Last week marked the beginning of a new chapter in the creation of America's renewable energy future. In one of the nation's most strategic clean economy deals to date, NRG Energy, Inc. announced the $350 million acquisition of Green Mountain Energy, the company founded by my father- Sam Wyly.
"A permanent and fast-growing portion of the American population is seeking to live sustainably," NRG President and Chief Executive Officer David Crane said in a statement. "Green Mountain understands that customer base and serves it better than any other retail energy provider."
At a time when doubts prevail about the ability of clean investments to deliver real returns, the sale of the nation's leading competitive retail provider of cleaner energy and carbon offset solutions is a clear bellwether of the industry's future. For every other green entrepreneur, it's a hard proof point of the economic viability of renewable energy ventures.
Geoffrey Orsak, dean of the Lyle School of Engineering at Southern Methodist University, was quoted in an article in the Dallas Morning News yesterday saying the acquisition shows that green companies have market worth. "This is a great sign that the green economy is not likely to be another dot-com fantasy. This is real stuff that consumers believe in."
For me, on a personal level, it's an important step toward the realization of a childhood dream. The seeds of Green Mountain were planted one day back when I was in the fifth grade. I was taking an environmental ethics class and learning that the pink and grey skies over Los Angeles were neither pretty nor benign. I became afraid to breathe, and asked my father, despairingly, "Dad, what are you going to do about all this toxic waste being put into the air?" He was stunned by the question.
My father is quoted in the Dallas Morning News saying: "Somewhere in the Bible, there's the verse about out of the mouths of babes. The truth hit me like a hammer."
As a prolific entrepreneur with a history of busting up monopolies, my father wanted to see Americans have a choice when it came to buying electricity too.
Few Americans realize that the largest producers of pollution globally are the power plants that electrify our homes. The beginning of the problem is that the average American has no idea how energy is produced, or how it flows into a grid and arrives at their outlets, or what environmental consequences they are incurring by flipping the switch. Secondly -- in most of America -- they have no power to choose an alternative such as wind or solar generated electricity. But if they could be educated, and then empowered with the gift of choice -- the average American energy consumer could become the greatest weapon to reducing air pollution while creating a wave of demand for the clean energy infrastructure of the future, and in doing so create thousands of clean green jobs for Americans.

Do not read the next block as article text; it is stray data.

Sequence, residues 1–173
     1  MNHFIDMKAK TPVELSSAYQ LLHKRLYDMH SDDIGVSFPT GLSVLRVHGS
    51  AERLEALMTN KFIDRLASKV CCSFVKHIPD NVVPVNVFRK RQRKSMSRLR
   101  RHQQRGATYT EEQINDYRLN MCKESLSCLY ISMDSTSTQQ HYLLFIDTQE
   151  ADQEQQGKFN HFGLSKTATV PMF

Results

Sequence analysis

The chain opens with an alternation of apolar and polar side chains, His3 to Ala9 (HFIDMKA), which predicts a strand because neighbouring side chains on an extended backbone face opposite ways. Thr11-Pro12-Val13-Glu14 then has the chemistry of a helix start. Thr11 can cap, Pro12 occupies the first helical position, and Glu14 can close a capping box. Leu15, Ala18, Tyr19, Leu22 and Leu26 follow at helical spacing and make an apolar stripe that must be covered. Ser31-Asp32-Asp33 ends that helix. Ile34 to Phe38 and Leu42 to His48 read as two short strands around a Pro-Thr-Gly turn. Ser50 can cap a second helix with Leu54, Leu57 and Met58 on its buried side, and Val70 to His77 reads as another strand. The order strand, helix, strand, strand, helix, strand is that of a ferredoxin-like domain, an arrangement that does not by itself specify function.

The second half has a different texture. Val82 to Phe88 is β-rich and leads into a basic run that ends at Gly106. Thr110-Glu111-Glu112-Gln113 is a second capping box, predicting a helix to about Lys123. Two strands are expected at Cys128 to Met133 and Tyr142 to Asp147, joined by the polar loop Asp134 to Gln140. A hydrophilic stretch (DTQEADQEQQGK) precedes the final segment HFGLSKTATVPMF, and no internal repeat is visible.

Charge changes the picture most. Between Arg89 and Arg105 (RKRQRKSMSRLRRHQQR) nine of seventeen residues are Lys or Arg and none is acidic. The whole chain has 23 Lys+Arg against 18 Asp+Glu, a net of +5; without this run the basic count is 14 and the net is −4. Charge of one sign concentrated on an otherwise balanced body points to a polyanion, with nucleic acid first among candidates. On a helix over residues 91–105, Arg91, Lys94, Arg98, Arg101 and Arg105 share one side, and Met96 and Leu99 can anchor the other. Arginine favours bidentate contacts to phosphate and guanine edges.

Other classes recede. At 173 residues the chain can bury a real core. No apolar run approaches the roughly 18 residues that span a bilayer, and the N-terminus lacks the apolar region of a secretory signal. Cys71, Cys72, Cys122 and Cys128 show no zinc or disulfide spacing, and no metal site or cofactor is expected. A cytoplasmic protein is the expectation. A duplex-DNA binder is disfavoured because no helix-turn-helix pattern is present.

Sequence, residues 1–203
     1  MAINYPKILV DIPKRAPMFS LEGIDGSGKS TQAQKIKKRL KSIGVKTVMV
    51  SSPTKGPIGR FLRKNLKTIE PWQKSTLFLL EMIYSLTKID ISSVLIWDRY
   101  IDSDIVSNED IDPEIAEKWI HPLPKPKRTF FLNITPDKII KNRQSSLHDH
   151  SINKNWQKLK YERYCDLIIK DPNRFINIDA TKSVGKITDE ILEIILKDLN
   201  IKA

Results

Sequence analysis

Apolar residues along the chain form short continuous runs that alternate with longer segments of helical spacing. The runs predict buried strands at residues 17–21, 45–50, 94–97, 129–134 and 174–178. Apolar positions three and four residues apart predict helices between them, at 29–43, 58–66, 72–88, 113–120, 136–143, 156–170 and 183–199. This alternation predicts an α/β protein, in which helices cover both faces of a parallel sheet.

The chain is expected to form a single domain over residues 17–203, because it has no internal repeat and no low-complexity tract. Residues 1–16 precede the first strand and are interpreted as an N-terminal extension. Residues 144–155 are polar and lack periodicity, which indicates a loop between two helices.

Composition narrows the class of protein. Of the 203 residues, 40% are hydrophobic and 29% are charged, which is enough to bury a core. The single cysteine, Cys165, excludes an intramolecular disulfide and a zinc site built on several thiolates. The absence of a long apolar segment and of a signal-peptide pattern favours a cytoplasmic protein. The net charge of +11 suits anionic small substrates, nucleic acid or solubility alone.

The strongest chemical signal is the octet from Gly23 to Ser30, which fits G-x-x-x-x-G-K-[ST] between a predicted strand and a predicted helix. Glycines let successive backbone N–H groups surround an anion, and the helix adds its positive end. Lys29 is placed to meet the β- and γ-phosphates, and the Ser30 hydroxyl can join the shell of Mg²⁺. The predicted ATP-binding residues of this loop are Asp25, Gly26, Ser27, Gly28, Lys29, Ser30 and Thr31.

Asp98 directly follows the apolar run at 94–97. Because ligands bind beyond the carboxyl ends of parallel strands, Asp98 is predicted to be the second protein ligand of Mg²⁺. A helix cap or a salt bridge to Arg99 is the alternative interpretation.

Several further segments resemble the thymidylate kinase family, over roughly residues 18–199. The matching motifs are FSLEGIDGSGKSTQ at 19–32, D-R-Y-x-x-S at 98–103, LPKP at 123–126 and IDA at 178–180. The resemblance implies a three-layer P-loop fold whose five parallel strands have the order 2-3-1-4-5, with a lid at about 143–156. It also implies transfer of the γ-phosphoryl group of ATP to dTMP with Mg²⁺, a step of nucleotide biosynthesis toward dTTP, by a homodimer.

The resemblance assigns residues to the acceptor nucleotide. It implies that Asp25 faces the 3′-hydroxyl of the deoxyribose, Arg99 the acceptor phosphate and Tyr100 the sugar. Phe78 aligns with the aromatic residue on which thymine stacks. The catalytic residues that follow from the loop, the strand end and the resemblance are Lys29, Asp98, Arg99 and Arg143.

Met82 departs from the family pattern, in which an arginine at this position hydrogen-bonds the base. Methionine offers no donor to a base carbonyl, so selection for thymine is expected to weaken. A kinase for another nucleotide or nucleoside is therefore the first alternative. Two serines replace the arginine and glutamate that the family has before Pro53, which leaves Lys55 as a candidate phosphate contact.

My father figured that he would be the one to show us. And he would do it through the vehicle he knew best: entrepreneurship. So, when he learned about a small clean-energy supplier in Vermont that was for sale, he decided to pursue it.
Today more than 300,000 Green Mountain Energy customers, mostly in Texas, and some in Oregon and New York, pay a premium equal to the cost of a fancy cup of Starbucks coffee every month to purchase electricity produced from pure wind, or a price-competitive mixed blend of renewables. The company, which also sells carbon offsets, is growing at 27% a year. The chairman of a competing energy company described Green Mountain as having "tremendous, tremendous customer loyalty."
All the light switches in those customers' 300,000 households have made a real difference. Since it was founded, Green Mountain customers have kept more than 11.3 billion pounds of carbon dioxide out of the atmosphere so far. That's equivalent to taking 52 million cars off the road for a week, or 473 million households turning off their lights for a week, or planting 478 million trees. The company has facilitated the creation of more than 40 wind and solar farms. To that end, it has helped to create wealth for many of the clean energy pioneers who built them.
The NRG acquisition will enable Green Mountain to take its clean energy mission national. "We look at this green energy space, served and almost created by Green Mountain," NRG's Crane told the Dallas Morning News, and "it's still a very small part of the market, so it has a long way to grow."
Crane also said he anticipates that either Congress or the Environmental Protection Agency will put a price on carbon in a matter of years. The Green Mountain acquisition is helping to prepare NRG for that day. "The fact that a price is coming on carbon is still a fundamental premise of this company," Crane told The News.
I couldn't agree with him more and applaud him and other forward thinking executives that are working to advocate for a price on carbon -- which I believe will revolutionize the world we live in -- and enable us to profitably clean up our atmosphere.
The company my father started has proven that there is consumer demand -- and even enthusiasm -- for purchasing renewable energy. There should be. And not just for the altruistic goal of saving the planet, but because clean energy is where the real money will be made in the next generation.
Educate people, give them a choice, and we will create a clean economy for all of us -- together. Stick around. It's going to be good clean fun.
Follow Christiana Wyly on Twitter: www.twitter.com/christianawyly